• Navarre Minerals said drilling had started at its promising Stawell Corridor project in Victoria, focusing on previously identified areas of high-grade mineralisation that included intersections of 7.1g/t over 18.7m and 6.2g/t over 10.6m. On the market, Navarre added 1c to 12c.
  • Resolute fell 13c to $1.27 after reporting a plant shutdown at its Syama mine in Mali caused by the detection of a crack in a roaster which is used to recover gold from sulphur-rich ore.
  • Westgold Resources also reported problems at one of its projects with a new bearing required for the mill at the Bluebird mine in WA. The replacement equipment is expected to be fitted late next week. On the market, Westgold was steady at $2.43.

It was hard to find many non-gold positive events.

Iron ore stocks continued to weaken as the price of the steel-making material eased under the pressure of increased exports from Brazil.

Fortescue Metals earned a few headlines by signing up for a slice of the undeveloped (and ill-fated) Simandou iron ore prospect in the West African country of Guinea. The company’s African adventure failed to impress as Fortescue’s share prices slipped 35c to $8.47.

Rare earth stocks, which should have had a good week thanks to speculation about the US and Australian Governments putting their weight behind new projects, failed to react.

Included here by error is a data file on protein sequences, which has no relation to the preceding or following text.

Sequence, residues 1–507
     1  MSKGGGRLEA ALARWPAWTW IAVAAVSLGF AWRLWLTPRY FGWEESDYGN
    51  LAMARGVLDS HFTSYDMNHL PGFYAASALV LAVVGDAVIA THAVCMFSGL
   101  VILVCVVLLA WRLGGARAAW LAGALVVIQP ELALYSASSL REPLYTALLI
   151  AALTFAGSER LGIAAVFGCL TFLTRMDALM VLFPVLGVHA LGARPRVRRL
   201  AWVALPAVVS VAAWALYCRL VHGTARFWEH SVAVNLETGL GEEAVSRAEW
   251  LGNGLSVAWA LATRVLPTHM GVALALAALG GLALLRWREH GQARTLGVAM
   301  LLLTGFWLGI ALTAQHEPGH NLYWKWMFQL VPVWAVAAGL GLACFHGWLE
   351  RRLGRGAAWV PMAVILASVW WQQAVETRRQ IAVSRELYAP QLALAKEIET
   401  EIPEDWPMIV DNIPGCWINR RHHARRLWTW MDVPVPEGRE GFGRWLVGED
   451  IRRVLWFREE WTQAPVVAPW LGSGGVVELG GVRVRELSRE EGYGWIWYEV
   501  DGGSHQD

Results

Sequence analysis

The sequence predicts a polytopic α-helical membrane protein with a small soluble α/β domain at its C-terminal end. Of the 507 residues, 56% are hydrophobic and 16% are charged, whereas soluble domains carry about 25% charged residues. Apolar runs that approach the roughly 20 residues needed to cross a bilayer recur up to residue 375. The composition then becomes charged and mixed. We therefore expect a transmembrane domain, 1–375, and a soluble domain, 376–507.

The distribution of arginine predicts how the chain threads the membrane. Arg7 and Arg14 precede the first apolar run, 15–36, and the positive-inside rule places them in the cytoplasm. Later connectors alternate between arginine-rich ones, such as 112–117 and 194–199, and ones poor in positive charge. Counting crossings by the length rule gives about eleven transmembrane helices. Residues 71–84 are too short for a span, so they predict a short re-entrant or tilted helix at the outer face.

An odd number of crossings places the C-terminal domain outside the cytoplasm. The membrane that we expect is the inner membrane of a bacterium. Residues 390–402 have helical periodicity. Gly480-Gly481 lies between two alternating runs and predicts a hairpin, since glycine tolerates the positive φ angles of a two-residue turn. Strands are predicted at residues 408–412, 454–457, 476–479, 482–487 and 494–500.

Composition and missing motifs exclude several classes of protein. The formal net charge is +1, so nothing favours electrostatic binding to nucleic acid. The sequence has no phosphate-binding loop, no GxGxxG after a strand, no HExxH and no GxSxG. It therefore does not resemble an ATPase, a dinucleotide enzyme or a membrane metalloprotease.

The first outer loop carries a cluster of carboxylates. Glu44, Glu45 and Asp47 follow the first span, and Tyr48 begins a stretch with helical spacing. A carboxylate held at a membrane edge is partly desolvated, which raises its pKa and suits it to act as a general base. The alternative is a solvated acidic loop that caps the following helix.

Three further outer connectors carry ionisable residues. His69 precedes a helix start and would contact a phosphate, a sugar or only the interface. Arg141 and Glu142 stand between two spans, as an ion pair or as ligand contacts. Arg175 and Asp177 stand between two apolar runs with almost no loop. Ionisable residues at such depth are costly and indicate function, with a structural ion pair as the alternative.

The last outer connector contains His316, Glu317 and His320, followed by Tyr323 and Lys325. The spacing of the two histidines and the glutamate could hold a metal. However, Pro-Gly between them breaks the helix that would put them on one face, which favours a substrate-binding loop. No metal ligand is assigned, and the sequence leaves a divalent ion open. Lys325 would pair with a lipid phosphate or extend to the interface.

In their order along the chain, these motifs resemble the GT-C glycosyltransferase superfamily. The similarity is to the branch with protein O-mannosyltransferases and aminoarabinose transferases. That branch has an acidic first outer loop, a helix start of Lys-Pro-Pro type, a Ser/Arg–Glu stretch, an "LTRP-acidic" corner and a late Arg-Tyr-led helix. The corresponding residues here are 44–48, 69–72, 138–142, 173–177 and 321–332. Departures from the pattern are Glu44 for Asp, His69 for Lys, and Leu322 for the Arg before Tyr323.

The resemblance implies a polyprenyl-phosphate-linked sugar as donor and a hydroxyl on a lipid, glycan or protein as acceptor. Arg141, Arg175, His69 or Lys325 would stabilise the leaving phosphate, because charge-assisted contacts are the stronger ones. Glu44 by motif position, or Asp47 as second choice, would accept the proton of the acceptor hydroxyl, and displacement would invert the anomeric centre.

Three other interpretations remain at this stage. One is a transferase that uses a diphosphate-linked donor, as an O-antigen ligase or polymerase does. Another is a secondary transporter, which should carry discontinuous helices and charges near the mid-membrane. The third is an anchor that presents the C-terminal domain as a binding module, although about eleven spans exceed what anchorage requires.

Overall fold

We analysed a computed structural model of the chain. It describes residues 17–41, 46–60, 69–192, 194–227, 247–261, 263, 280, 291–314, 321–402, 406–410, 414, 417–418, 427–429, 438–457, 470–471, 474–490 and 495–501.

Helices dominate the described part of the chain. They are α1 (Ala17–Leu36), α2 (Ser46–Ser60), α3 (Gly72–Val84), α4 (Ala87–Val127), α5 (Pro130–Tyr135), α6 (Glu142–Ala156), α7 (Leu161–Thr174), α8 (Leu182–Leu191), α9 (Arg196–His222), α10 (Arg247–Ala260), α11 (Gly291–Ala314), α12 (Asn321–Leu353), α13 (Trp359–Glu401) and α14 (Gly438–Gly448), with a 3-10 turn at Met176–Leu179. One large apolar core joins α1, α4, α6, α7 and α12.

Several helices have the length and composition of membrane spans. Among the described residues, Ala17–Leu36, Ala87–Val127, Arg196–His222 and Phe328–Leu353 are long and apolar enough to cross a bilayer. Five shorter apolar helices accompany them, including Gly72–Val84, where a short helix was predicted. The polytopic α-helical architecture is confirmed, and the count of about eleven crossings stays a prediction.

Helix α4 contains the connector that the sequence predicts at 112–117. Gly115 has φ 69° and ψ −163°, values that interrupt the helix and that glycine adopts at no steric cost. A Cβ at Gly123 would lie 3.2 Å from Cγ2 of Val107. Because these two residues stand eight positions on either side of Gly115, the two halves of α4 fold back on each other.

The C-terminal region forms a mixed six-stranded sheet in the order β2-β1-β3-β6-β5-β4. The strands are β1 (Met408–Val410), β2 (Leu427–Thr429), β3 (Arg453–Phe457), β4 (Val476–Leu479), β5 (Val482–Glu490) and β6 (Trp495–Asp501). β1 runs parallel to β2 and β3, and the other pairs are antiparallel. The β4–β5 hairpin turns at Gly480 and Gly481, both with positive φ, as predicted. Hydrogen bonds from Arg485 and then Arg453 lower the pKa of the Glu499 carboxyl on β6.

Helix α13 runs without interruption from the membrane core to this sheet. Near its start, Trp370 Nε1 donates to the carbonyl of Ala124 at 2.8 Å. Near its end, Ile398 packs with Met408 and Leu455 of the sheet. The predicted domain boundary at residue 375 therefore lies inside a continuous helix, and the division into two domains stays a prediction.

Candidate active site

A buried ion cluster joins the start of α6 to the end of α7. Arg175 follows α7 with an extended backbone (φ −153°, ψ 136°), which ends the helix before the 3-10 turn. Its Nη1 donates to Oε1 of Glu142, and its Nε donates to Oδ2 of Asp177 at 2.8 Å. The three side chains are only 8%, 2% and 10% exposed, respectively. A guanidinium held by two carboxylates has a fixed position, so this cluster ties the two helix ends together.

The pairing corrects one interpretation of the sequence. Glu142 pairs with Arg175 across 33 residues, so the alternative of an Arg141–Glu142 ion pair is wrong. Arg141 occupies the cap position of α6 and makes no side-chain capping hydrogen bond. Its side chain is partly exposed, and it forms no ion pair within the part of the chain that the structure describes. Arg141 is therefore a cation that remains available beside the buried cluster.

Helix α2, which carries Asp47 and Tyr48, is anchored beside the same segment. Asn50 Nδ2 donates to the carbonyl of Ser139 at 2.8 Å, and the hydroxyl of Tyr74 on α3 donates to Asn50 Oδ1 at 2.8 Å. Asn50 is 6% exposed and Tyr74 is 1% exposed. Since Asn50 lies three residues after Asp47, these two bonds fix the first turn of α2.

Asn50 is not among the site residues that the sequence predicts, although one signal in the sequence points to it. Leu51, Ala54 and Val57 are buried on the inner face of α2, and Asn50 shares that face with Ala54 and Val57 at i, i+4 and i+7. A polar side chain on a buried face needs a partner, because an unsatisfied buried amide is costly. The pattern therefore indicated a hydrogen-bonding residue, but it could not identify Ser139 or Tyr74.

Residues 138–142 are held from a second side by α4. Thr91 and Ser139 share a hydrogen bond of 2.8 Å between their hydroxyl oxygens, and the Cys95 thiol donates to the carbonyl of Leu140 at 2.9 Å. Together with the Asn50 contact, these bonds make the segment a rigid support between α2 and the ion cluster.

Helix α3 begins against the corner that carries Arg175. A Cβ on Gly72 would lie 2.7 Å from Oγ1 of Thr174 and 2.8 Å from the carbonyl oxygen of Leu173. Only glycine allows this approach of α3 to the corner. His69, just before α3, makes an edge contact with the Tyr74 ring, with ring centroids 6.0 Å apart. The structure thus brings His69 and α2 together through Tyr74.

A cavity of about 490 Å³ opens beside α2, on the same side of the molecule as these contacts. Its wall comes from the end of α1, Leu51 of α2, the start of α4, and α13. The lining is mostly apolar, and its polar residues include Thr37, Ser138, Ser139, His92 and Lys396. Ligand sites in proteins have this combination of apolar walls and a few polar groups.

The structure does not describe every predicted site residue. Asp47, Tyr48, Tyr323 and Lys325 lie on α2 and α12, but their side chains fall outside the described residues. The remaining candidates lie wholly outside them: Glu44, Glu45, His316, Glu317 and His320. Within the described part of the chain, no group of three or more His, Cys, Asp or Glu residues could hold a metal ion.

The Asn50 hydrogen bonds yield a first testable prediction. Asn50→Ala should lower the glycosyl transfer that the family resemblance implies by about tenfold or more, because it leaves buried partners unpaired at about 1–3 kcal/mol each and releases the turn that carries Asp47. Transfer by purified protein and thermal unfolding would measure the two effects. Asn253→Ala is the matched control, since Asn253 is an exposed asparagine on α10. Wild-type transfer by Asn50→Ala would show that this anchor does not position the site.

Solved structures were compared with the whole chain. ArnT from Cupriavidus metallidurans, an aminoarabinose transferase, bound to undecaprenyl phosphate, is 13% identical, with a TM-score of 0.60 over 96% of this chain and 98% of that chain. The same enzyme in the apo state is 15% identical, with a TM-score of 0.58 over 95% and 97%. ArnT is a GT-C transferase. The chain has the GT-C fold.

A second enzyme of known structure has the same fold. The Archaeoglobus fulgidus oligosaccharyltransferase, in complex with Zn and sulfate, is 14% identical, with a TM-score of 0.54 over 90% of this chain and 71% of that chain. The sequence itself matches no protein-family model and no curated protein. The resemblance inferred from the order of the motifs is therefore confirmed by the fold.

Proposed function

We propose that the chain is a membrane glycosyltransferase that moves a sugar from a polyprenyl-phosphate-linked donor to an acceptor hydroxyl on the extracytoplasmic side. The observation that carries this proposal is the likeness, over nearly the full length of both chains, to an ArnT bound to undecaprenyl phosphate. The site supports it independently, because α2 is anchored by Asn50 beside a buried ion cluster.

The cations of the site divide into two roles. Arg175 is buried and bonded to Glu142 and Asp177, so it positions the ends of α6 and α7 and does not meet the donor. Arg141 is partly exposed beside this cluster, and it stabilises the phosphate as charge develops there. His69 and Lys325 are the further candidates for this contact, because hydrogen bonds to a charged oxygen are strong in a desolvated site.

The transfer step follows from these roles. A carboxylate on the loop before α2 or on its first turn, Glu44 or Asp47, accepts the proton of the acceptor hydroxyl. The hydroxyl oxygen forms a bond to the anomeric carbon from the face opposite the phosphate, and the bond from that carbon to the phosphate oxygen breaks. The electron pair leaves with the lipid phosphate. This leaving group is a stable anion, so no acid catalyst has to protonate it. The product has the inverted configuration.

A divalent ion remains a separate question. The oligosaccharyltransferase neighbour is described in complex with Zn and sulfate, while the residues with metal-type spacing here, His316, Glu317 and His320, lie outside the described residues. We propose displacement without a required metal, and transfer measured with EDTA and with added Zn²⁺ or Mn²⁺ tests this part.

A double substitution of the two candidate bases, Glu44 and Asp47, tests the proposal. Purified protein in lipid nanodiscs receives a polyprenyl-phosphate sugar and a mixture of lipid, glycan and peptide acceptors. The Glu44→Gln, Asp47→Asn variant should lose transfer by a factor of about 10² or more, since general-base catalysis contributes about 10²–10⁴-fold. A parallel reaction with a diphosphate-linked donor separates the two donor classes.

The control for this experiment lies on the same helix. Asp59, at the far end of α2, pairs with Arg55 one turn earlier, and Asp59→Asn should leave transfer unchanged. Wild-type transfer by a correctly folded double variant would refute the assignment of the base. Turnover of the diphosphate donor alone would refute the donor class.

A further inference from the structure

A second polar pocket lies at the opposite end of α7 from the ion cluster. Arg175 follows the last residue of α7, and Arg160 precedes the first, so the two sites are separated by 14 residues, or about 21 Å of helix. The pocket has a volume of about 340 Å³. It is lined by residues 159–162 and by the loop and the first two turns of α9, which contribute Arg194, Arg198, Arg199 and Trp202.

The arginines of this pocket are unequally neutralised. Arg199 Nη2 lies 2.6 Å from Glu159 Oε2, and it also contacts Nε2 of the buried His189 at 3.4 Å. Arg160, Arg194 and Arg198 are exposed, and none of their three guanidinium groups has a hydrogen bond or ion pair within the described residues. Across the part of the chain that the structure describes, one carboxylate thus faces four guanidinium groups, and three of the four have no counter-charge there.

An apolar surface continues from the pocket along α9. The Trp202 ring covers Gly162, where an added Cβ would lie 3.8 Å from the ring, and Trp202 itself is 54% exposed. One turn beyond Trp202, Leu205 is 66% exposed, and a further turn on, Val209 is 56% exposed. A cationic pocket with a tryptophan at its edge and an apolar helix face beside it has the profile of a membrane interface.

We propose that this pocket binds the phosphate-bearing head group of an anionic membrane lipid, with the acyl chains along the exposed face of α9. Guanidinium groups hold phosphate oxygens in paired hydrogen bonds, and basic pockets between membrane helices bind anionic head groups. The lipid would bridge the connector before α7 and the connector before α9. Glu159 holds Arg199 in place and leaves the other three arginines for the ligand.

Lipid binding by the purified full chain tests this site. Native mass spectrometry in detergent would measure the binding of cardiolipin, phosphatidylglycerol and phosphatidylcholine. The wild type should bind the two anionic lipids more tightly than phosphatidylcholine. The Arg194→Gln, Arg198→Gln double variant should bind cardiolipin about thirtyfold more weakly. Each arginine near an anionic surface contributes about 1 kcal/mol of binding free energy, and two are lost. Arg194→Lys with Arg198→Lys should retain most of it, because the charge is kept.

While there was a lot of talk about rare earths in Canberra and Sydney, the market reality was a 4c fall to $2.61 by Lynas, the sector leader, and no price movement by other players in that space including Arafura, Hastings, Northern Minerals and Peak Resources.

Stavely Minerals, last week’s star, reported more highly-encouraging assays from drilling at its Thursday’s Gossan copper/gold project in Victoria but failed to move the market, perhaps weighed down by profit-takers after its stellar run from 24c to a peak on Tuesday of $1.40. By the close yesterday, Staveley was back to $1.08, down 1c on this time last week.

Other events and market moves (all modest), included:

  • Ausmex reporting what looks to be a significant drill intersection at its Little Duke copper project in Queensland, including 101m of IOCG (iron ore, copper, gold) mineralisation. Assays are pending but earlier drilling in the same hole (before it got bogged at 48m) returned assays of 6m at 0.5% copper and 1.3g/t of gold and 17m and 1.2% copper and 4.1g/t of gold. On the market Ausmex initially rose by 3.5c to 12c before easing back to 10.5c.
  • Talga continues to make encouraging progress with its Swedish graphite and battery anode project, appointing Macquarie Bank to advise on strategic partners and financing options. The stock added 8c to 54c.
  • RBR Group firmed modestly to 1.4c following news that US oil giant ExxonMobil has made an initial investment decision on its $US20 billion Rovuma LNG project in Mozambique. RBR is poised to benefit from providing skilled labour and other services to the country’s emerging LNG industry.
  • Lucapa sold diamonds valued $15.5 million from the latest offering of gems from the Lulo and Mothae projects. On the market the stock firmed by 1.5c to 15.5c.
  • Liontown reported more encouraging drill intercepts from its Kathleen Valley lithium project, including 29m at 1.3% lithium from 256m. The stock eased back by 0.4c to 9.1c, and
  • Strandline moved 1c higher to 11c after announcing progress on a potential funding arrangement with an Australian Government infrastructure fund.